When comparing your actuals to budget you need to think about what is actually useful for you to see, and how your business operates. For example for many charities we work with, a budgeted expense line is actually the maximum allowable spend for the year. So looking at how much is spent each month against what is budgeted isn’t very helpful. They want to know how much they have left to spend for the year for each expense item. This creates a very different report, a budget remaining report, which shows:

  1. Results for the year to date…
  2. Next to the budget/expectations for the whole year…
  3. With a column showing how much of each budget is left to spend/has been overspent

One note with this method – be careful to look at items line by line, as looking solely at totals can mask overruns in some areas. If your organisation has a policy of spending all budget, then any overruns should not be allowed to offset underspends unless this has been agreed. Otherwise you’ll reach the end of the year and have spent far more than you were planning.

A third option is to look at how far through your total budget you are for the year to date with a year-to-date budget variance report by:

  1. Results for the year to date…
  2. Next to the budget/expectations for the year to date…
  3. With a column showing if you were over or under budget for each of those items.

This is a good method for businesses that have operations that are really similar month to month. 

When to update your budget

As mentioned above, the point of a budget is to see how you perform against the plan you made. Therefore there isn’t much sense updating your budget every time you see a variance. However the following circumstances are indicators that it might be worth making a change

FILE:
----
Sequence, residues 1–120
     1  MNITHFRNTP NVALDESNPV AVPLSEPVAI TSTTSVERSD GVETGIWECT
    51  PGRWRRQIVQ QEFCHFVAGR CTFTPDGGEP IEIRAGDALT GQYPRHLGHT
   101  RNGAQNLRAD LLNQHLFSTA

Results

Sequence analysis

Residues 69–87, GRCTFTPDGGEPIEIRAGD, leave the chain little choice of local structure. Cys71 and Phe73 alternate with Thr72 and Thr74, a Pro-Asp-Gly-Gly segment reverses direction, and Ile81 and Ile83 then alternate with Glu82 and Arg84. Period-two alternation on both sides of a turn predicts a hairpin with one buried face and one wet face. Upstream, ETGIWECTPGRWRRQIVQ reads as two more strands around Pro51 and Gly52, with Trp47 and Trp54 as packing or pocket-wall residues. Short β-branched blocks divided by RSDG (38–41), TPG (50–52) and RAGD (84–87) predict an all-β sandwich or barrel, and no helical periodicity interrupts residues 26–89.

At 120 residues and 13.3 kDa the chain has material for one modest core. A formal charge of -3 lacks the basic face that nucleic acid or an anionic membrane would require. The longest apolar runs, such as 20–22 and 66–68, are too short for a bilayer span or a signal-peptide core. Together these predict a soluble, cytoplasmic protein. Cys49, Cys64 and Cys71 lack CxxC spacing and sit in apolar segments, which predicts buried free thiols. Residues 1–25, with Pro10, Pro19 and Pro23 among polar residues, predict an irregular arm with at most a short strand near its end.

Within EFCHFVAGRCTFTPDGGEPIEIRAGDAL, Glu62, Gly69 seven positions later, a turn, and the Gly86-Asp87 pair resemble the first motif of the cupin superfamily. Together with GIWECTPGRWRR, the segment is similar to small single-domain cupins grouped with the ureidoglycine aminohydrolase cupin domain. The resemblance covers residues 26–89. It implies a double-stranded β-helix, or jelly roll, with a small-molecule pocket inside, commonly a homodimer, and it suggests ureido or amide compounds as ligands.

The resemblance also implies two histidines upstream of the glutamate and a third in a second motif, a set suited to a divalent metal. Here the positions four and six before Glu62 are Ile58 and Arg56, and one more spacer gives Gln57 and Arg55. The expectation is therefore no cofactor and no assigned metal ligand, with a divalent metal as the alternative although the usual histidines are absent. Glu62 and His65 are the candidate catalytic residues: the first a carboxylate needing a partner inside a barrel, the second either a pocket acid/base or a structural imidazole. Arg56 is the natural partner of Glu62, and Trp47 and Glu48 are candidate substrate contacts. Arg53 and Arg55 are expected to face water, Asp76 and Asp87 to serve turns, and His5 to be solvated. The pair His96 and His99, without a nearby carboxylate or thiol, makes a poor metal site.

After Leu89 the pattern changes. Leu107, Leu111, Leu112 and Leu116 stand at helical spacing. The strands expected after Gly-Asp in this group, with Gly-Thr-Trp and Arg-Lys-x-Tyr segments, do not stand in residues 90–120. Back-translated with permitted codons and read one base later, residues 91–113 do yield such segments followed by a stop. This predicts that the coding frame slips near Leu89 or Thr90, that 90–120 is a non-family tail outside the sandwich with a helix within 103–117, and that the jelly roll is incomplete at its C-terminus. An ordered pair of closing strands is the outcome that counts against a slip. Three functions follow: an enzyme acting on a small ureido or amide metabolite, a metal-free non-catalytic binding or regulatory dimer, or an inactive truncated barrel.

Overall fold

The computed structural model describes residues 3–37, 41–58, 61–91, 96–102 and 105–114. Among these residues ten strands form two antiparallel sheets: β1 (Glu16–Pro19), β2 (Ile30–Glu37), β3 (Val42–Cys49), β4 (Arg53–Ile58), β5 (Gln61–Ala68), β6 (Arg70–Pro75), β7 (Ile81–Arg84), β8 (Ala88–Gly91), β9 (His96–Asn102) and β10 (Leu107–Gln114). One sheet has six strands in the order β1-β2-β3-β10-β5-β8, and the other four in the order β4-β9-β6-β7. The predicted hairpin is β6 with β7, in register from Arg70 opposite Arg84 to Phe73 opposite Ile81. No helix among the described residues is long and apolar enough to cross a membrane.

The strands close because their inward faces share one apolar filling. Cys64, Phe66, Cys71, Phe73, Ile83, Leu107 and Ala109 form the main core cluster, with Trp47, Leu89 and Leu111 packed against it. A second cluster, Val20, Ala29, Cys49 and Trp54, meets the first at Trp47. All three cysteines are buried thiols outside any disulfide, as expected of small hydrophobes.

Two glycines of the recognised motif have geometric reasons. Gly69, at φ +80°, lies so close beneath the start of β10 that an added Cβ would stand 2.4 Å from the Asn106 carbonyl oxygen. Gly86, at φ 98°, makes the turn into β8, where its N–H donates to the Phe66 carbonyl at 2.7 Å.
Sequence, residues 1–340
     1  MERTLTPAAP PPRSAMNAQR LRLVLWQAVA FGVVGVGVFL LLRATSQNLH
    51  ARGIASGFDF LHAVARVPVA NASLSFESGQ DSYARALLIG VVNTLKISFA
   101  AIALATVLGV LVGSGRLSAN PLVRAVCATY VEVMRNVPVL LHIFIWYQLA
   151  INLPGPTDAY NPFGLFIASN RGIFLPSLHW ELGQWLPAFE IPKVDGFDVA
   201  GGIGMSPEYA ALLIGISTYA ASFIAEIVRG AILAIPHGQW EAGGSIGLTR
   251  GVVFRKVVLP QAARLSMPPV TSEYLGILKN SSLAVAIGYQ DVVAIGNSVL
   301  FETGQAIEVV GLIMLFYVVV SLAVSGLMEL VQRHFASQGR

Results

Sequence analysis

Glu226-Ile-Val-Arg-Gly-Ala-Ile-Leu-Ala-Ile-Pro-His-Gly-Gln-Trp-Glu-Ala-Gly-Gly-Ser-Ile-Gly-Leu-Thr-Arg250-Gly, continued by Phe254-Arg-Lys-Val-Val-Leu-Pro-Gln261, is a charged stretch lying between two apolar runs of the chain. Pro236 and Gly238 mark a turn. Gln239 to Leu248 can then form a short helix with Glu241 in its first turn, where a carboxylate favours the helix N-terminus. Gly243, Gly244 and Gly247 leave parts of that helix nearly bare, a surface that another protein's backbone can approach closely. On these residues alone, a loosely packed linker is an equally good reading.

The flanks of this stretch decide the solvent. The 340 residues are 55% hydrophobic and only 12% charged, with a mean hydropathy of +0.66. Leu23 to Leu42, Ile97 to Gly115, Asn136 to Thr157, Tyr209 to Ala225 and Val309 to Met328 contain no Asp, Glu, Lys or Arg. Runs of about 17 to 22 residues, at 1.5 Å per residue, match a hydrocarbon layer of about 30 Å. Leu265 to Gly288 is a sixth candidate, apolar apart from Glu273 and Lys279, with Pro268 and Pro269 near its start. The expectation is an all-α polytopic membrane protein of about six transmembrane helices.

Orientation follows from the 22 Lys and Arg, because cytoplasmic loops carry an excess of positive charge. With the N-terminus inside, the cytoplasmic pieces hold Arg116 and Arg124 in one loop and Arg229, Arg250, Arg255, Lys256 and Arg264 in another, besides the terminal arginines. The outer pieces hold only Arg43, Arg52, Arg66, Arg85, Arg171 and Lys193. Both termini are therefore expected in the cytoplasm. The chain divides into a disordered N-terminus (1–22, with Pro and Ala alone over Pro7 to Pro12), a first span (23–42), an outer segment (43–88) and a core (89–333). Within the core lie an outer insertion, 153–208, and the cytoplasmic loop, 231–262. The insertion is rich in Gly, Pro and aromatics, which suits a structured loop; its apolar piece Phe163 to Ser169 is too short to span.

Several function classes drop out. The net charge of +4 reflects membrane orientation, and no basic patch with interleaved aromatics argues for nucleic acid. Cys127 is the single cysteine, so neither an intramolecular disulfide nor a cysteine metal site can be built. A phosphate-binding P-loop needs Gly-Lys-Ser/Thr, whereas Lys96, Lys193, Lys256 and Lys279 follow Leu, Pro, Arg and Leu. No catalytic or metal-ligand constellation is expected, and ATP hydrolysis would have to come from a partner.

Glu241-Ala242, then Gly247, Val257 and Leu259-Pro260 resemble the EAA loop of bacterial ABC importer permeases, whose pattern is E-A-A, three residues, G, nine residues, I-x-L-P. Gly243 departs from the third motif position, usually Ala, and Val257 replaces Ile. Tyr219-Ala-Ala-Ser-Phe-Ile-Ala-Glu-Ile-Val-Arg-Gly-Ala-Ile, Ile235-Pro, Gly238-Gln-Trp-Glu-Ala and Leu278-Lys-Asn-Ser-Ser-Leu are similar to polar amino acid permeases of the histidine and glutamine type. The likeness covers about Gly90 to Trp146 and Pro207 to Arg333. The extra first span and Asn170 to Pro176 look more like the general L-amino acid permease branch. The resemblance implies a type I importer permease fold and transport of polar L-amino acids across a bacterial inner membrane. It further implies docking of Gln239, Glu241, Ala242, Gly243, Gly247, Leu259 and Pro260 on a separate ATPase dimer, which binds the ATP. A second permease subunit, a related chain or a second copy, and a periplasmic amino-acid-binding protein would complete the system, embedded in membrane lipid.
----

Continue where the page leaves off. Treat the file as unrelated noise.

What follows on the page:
• A large increase in a monthly expense that is out of your control
  • A change in your business such as adding a new product line
  • Employing someone that you’d not budgeted for

Updating your budget for large, recurring changes will give you the opportunity to look ahead and make sure your business is still healthy, or if there are other downstream effects that mean there are other changes you’ll need to make too.

Benchmarking – reviewing your performance against others

It can also be of use to review your performance against other businesses in your sector to see how you’re tracking. In the Wealth section of Beany if you have connected up your Xero account we can report your sector performance data. Sector performance usually incorporates a large range of business sizes so it is often most relevant to look at absolute (percentage) values rather than total dollar values (e.g. someone who is a web developer contractor would be in the same sector as a large web development firm, so look at total sales dollars as a performance metric wouldn’t give a particularly useful result). Speak to our Support team if you need any assistance setting up your Xero integration.

Reporting against your budget can suddenly create three times the amount of figures that you started with and seem overwhelming.

Who are Beany? 

We’re an online accounting firm that is always right here for you, your accounting pain relief. The most advanced technology lets us work way more closely with you than a normal accountant world. ​

We have a dedicated team of certified accountants and a support team to take care of your business no matter where you are, so you can focus on growing your business. We take out the ‘fluff’, break down the barriers and get things done. Looking out for you is what we are all about. Get started for free today.

Kate, Australian problem solver

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Jess Heslop

Jess Heslop

I'm an ex-big 4 CA and a technology enthusiast, based in Nelson where I live with my husband and two young children.